Cheating at Love
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Males from a South American spider species woo female arachnids by offering them gifts to raise their chances for mating.
Male Paratrechalea ornata spiders capture an unsuspecting insect, wrap it in a ball of silk then go in search of a female that would take their gift.
Once the female takes the aptly-called “nuptial gift” and begins feasting, the male spider sees an opportunity and starts mating.
But hard times and scarcity can force some of these eight-legged Casanovas to cheat their way to love, Live Science reported.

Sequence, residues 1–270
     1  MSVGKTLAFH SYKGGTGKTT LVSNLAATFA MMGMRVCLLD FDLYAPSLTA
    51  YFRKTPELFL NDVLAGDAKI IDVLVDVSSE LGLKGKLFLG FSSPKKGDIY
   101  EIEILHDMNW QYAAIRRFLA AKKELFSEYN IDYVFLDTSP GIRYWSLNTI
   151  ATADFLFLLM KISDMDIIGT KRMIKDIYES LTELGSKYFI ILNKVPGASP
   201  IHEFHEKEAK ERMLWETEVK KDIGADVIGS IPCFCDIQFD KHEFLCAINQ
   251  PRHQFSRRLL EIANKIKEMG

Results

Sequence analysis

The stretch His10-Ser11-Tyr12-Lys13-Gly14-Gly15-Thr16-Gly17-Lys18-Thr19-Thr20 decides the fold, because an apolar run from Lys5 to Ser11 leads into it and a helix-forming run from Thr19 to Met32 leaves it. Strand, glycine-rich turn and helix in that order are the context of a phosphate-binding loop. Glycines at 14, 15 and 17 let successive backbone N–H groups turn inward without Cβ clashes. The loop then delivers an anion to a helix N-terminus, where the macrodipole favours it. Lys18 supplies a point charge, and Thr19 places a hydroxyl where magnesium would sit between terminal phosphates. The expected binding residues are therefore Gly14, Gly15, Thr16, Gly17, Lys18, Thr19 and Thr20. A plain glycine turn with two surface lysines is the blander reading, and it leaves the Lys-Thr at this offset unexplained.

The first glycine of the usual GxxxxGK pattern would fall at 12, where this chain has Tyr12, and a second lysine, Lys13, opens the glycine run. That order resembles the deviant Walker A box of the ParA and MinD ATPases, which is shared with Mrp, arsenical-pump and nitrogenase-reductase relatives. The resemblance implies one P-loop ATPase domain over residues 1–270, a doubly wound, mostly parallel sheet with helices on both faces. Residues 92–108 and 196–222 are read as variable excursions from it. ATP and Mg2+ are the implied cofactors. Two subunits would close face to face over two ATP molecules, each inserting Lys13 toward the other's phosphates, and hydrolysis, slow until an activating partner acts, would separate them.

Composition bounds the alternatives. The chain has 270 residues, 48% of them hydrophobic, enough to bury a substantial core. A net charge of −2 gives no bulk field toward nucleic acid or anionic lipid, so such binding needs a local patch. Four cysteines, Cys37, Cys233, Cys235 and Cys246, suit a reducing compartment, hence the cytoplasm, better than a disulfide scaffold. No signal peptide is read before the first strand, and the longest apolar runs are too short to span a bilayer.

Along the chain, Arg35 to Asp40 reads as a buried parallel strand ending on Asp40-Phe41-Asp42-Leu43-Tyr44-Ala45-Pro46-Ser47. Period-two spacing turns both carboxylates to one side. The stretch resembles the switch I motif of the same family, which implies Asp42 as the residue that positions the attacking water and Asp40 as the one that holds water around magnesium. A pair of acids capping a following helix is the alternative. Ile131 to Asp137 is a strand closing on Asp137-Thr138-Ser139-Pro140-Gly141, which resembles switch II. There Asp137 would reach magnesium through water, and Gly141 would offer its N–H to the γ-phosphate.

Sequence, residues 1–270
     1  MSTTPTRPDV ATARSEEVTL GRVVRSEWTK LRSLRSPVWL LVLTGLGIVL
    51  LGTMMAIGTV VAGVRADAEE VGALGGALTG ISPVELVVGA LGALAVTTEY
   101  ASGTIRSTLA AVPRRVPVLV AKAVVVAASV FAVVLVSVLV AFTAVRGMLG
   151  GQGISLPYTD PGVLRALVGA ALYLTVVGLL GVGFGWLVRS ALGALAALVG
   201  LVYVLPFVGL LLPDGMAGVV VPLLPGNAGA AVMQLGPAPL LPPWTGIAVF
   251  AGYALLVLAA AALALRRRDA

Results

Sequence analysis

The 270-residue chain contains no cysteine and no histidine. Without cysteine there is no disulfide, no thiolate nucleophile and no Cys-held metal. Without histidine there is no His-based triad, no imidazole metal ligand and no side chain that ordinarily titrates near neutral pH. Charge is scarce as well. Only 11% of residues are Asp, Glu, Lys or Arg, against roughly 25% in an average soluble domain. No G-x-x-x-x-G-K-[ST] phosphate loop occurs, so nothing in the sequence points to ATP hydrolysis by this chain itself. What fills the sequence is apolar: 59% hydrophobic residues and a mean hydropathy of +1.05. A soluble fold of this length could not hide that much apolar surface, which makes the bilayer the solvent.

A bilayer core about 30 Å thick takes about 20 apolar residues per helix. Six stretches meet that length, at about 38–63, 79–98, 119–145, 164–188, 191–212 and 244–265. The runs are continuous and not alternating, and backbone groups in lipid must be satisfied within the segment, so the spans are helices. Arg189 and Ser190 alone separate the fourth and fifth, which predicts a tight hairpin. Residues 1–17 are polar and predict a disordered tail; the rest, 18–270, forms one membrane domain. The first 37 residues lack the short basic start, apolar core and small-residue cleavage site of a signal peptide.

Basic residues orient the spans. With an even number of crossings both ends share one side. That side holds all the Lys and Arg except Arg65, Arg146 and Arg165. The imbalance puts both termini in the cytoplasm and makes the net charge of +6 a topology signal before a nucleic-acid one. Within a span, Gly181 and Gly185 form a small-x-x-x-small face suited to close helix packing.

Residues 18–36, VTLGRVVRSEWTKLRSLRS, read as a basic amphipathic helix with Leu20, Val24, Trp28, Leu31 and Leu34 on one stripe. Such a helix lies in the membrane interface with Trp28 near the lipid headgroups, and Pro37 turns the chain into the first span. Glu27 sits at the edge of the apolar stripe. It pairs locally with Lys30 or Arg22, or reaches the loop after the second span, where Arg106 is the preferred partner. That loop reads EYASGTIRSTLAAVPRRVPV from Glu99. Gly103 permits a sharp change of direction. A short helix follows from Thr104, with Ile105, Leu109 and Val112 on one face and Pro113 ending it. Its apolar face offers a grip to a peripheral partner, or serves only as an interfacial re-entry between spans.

Scientists wrote in a study that male P. ornata would sometimes prepare a fake nuptial gift to trick the female, such as using a dead leaf or leftover bits of an insect.
They studied spider species from two different habitats in Uruguay.
Southern regions had stable habitats and saw an abundance of food. But northern ones, impacted by the El Niño weather phenomenon, are more unstable for the spider.
When researchers studied the gifts, they noticed that southern spiders only offered worthless treats 38 percent of the time. Sadly, this rate rose to 96 percent in northern male arachnids.
The team suggested that this prevalence of worthless gifts highlights the male spider’s strategy to survive harsh environments, forcing them to keep food for themselves instead of giving it away – even for love.